Can mom's long-term care insurance cancel her?

3 answers | Last updated: Oct 28, 2016
A fellow caregiver asked...

My mother, 82, suffered trauma to the leg from a shopping cart incident just before leaving her home in Missouri to visit me in Georgia for a few weeks. Once here, she began to see doctors in Georgia, as the wound opened up. She ended up being here over a year (unexpectedly) under outpatient wound care, receiving bi-weekly wound wraps, and in a boot, experiencing much pain. During that time, she missed some payments on her long-term care benefits. (Remember, she did not plan a trip of this length, and did her best to keep up with all of her financial obligations from long distance, with only the help of neighbors sending her mail as best they could because the post office totally screwed up the temporary mail forwarding.)

Consequently, the long-term care insurance cashed one of her checks, which was late, and THEN eventually sent her a refund and canceled her policy, which she had consistently paid on for 15 years up to that point. The company refuses to reinstate the policy, even after a letter from an attorney indicating the cause for late payments. Is there ANY advocacy group we can contact to either recoup the money paid or get a new policy? (At her current age, we are being told that she cannot get this type of plan.)

Greatly appreciative of any help/advice suggested.

Expert Answers

Duane Lipham is a certified long-term care (CLTC) consultant who writes extensively on long-term care insurance issues. Lipham has also been a caregiver for members of his own family.

Older policies often had provisions for reinstating long-term care insurance. Many would allow for re-instatement up to 6 months after the policy had lapsed if the reason was due to a cognitive OR a physical impairment. (Most newer policies only allow for re-instatement in the event of a cognitive impairment.) You should review the re-instatement provision in the policy and see if it includes lapses caused by a physical impairment.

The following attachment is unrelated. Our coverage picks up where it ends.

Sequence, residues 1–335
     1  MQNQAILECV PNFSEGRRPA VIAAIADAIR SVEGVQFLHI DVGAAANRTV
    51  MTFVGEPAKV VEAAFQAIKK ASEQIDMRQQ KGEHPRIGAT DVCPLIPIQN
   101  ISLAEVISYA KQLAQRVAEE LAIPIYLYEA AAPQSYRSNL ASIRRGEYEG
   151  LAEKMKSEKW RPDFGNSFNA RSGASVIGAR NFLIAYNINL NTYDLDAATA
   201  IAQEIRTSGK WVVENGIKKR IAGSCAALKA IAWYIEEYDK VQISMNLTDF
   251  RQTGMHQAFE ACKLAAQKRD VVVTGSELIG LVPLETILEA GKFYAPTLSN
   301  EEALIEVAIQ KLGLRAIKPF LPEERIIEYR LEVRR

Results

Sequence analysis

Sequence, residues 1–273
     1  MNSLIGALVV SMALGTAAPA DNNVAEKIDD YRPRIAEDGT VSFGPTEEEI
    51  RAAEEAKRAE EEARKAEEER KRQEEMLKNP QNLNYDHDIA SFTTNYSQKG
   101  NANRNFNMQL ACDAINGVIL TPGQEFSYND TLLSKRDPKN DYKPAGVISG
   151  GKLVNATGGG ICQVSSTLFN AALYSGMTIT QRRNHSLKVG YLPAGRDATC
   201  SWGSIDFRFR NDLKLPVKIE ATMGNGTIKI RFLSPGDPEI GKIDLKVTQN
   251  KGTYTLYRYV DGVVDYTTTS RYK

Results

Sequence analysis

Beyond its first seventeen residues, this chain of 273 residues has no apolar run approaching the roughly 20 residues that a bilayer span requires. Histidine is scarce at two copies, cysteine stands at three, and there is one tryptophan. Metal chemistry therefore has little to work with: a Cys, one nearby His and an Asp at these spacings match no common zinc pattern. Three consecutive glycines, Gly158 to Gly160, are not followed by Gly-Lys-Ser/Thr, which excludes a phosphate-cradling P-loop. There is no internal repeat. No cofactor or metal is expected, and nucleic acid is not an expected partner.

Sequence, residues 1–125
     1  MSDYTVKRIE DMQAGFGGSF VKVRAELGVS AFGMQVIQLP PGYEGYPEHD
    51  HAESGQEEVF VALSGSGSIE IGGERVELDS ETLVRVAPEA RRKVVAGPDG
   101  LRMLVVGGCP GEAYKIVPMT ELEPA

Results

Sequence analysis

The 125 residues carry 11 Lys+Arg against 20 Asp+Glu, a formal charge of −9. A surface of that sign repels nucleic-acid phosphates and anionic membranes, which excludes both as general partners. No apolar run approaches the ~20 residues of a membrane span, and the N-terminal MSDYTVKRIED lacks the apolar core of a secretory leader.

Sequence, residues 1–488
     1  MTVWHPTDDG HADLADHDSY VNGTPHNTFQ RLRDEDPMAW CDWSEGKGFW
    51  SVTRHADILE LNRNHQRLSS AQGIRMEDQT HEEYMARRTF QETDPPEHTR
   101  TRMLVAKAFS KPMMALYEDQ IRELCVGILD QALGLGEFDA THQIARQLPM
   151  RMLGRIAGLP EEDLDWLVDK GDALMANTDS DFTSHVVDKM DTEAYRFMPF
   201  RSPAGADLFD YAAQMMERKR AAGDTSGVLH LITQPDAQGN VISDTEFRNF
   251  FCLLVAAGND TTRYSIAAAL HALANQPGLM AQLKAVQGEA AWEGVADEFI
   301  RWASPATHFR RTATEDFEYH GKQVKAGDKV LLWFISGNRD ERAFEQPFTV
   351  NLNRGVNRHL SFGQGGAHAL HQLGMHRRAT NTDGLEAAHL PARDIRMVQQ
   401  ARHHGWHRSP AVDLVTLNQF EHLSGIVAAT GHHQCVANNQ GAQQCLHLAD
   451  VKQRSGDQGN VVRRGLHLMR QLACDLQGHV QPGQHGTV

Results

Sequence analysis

Secondly, the best group/person to call would be the Missouri Department of Insurance. You can file a complaint with the Department and they may be able to pressure the insurer into re-instating the policy. Here is a link where you can get more information about this:

Your situation illustrates why I often make the following recommendations to my clients:

1) Pay long-term care insurance premiums via an automatic, electronic funds transfer every month.

2) Take advantage of the "third party notification" feature in most LTCi policies. This can help prevent a policy from lapsing because up to 3 people can be notified if your LTCi premium is late.

Community Answers

Super dan answered...

BOO to your moms insurance its all about $ not TAKING care of our loved ones!!!

Duane lipham answered...

I know that it's pretty easy and convenient to blame insurance companies for situations that don't work out as well as we would like. And there are occasions when the insurance company is clearly not seeing things correctly.

But I just want to remind everyone following this thread that by and large long-term care insurance carriers are doing a fine job overall in paying claims as needed.

The nation's 10 leading long-term care insurance companies paid over $10.8 million in daily claim benefits in 2010 according to a new study conducted by the American Association for Long-Term Care Insurance.

This represents a 53 percent increase over the daily value of claims paid by the same entities in 2007 according to study findings.